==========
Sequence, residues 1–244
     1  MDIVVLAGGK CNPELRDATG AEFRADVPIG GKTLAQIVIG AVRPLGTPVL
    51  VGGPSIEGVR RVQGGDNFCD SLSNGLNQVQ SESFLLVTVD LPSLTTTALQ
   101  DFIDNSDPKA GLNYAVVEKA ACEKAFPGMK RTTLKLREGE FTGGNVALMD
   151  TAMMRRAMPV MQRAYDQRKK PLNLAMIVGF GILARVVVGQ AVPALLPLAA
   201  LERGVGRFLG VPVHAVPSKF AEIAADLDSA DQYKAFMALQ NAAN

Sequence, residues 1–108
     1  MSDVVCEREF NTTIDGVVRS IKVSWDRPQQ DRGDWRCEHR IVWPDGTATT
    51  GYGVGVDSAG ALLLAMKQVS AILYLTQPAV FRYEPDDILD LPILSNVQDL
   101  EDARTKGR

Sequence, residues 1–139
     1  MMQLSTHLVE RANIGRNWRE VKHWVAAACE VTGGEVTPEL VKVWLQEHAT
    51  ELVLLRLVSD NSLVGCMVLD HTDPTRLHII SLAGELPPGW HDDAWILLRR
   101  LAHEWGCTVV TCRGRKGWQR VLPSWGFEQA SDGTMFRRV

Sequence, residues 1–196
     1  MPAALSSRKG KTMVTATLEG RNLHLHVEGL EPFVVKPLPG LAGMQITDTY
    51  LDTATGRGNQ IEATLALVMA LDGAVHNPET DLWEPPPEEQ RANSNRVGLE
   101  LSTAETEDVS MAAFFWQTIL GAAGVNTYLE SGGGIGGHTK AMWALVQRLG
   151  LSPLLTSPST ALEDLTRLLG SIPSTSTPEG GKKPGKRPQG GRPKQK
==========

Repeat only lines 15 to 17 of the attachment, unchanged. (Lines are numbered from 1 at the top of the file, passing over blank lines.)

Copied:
Sequence, residues 1–196
     1  MPAALSSRKG KTMVTATLEG RNLHLHVEGL EPFVVKPLPG LAGMQITDTY
    51  LDTATGRGNQ IEATLALVMA LDGAVHNPET DLWEPPPEEQ RANSNRVGLE